James- Before Max Payne 3 I had no wish to do mo-cap at all. When my agent was in talks to get me the role Rockstar said, “Well, we’ll be paying him this amount of money, so we’d like him to do some of the mo-cap”. My agent didn’t know what that was. “It’ll be interesting”, they said, and interesting it was. Rod Edge is one of the best directors I’ve ever worked with, and if I had to work with any other normal human being it might have been boring and a pain in the ass. He has a great sense of humour. If I had to jump off something, or run over something, Rod would do it first. We’re both pretty much the same age, so I’d be thinking if he can do it, I can do it too!

They’d set up the mo-cap room like a real set. Like, “here’s your living room, here’s your car, here’s the boat we need you on”. It was all made with raw materials, but the imagination on these guys was impressive.

Retroplayer- So, you had to record the Mo-cap and dialogue, and then re-record the dialogue again in the booth, right?

James- There were a lot of scenes I didn’t have to re-record. I did all of the voice over scenes in the booth, but they kept a lot of the original mo-cap audio recordings because the quality was so good, as raw as they were.

Retroplayer- Max’s face in Max Payne 3 looks slightly different now compared as to before you were cast. In fact, he kinda of looks like you! Any truth to this?

James- Yeah, they asked me if it was OK to base his face on mine. I’ve seen some pictures where he looks a little too close to me, but in others I can see the Max I remember. It’s like a hybrid.

Retroplayer- So what if Rockstar contacted you tomorrow about a sequel. Interested?

James- Absolutely! I would do it in a heartbeat.

Retroplayer- Lets talk a bit about the series Rescue Me, a favourite here at TGL. Your scenes as Jimmy brought out the best in the series. Tell us a little about working on it.

James- Thank you for saying that. It’s my favourite series I’ve worked on. I’ve been doing this for over 20 years now. I’ve worked on a lot of fun stuff, I’ve worked on a lot of garbage, but this was the best. It was really well written by Dennis [Leary] and his guys- mostly Dennis though. The character of Jimmy was actually based on Dennis’ real life cousin and best friend, Jerry Lucy, who died in the Worchester fire in 1999. Dennis was rocked by, absolutely rocked by it, and would have dreams about him, and would think he’d see him in the street. He wanted to get his cousin’s spirit into the show somehow, and I was just overjoyed and honoured that he chose me to do it.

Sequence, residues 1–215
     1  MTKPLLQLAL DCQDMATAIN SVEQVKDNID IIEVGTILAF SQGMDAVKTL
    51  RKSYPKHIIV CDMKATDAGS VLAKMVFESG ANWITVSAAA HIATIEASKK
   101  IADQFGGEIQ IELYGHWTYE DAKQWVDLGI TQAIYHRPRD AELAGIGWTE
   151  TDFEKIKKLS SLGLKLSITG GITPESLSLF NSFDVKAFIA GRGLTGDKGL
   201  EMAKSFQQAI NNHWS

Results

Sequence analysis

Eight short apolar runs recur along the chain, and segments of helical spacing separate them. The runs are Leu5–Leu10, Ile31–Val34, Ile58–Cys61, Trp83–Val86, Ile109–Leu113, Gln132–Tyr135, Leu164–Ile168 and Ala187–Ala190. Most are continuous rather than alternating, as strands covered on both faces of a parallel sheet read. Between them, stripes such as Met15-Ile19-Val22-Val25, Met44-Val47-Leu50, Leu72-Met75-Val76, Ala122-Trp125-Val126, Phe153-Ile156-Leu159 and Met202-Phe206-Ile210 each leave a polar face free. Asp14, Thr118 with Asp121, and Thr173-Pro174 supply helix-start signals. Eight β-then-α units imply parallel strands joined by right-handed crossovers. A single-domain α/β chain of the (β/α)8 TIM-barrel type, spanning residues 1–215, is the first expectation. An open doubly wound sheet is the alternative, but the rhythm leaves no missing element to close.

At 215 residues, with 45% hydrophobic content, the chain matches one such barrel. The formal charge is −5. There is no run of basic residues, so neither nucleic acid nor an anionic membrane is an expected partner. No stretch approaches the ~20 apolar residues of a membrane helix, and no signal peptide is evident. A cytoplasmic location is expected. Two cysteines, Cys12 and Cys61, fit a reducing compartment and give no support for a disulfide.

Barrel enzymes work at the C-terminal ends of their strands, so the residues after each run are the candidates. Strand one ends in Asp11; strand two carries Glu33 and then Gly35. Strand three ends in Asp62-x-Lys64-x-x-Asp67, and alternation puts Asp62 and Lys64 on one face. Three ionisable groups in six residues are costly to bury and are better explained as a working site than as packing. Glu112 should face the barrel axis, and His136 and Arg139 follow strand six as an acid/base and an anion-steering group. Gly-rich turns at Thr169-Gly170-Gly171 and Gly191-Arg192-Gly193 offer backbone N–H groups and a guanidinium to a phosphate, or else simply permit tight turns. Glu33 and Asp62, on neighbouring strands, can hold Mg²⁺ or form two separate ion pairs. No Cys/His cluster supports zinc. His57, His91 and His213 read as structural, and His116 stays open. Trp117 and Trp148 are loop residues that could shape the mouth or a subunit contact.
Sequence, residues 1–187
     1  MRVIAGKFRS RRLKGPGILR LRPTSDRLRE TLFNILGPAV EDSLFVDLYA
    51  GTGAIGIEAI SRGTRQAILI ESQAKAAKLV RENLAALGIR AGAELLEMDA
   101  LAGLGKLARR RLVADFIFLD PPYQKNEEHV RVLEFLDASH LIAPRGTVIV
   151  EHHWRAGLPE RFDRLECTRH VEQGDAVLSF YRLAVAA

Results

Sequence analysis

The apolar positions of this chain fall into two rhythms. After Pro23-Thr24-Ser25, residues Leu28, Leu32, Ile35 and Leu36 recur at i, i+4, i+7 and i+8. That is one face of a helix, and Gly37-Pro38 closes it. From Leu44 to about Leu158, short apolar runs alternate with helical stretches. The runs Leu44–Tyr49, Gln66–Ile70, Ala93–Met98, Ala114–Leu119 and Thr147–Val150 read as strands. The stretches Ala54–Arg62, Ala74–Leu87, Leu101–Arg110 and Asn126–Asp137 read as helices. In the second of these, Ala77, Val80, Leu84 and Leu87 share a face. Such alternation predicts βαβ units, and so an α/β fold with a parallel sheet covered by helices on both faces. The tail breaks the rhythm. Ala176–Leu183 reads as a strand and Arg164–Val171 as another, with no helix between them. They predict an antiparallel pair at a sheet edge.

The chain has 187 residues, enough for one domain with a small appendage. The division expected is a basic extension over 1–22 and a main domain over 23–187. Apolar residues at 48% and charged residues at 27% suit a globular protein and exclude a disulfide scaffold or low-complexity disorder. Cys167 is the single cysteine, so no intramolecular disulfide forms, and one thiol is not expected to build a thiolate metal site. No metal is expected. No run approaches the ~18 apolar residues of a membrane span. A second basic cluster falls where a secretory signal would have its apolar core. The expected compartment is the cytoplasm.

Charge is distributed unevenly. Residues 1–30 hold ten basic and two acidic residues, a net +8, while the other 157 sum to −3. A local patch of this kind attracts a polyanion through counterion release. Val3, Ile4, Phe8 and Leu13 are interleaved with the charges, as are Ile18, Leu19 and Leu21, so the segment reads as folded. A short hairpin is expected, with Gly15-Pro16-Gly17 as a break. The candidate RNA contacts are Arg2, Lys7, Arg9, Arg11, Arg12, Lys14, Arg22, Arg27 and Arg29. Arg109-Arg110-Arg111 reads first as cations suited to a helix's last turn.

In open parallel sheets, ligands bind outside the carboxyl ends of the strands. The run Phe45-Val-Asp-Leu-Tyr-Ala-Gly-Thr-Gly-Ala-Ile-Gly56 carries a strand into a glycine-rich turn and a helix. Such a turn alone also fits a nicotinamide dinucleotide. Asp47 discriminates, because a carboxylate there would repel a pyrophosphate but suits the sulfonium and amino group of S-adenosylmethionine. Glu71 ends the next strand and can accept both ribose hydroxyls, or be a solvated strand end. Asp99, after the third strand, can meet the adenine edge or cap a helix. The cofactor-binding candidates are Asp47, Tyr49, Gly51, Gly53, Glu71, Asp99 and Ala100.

Retroplayer- As an actor how do you approach such a sensitive subject?

James- Well I asked Dennis that myself. He told me he thought I was pretty similar to Jerry anyway. At that point I wasn’t very close to Dennis- I worked with him before on The Job- but he said, “just keep being you, and that’s a pretty good homage to Jerry.

Dennis was great to work with. It couldn’t have been easier to work with him. He’d make you laugh all day, to the point where you’d just try and get your lines out in a meaningful way, and that’d be good by him.

Retroplayer- Seeing as Rescue Me always wrestled with the idea of religion and belief, was Jimmy a figment of Tommy’s imagination, or was there something more to his appearances?

James- I know what you mean. I think Dennis left it ambiguous on purpose. That was a motivation of Dennis’, so I didn’t think about it too much. Only he knew how it was going to coming out on screen.

Retroplayer- You also had a cameo in the Max Payne movie. How did that come about?

James- Yeah, they called me asking if I’d like to be a part of it. I said yeah, and filmed up in Toronto for about 2 weeks. There were a few decent scenes they cut of me that explained my character a bit more. Not many people realise that.

Retroplayer- I didn’t like the film myself, but while watching it I couldn’t help but wonder why they didn’t use you as Max.

James- I appreciate that. Well, before Mark was on board there was talk of that… but it never went anywhere. Then when the rights were bought, everyone was just happy someone was going to do it.

Retroplayer- I still think they should do a TV series of Max Payne and cast you, at the very least.

James- Hey, that’s a good idea! Are ya writing it right now?

Retroplayer- Absolutely! You’re same age as Max too, so it’s perfect.

James- Yeah, they bumped up his age for Max Payne 3.

Retroplayer- We need an older hero in action films. Too many little shites running around with machines guns.

James- Well, I’ll tell Hollywood you said that! I will.

Retroplayer- Finally, do you have a message for all of your fans on TGL?

James- Thanks for the support!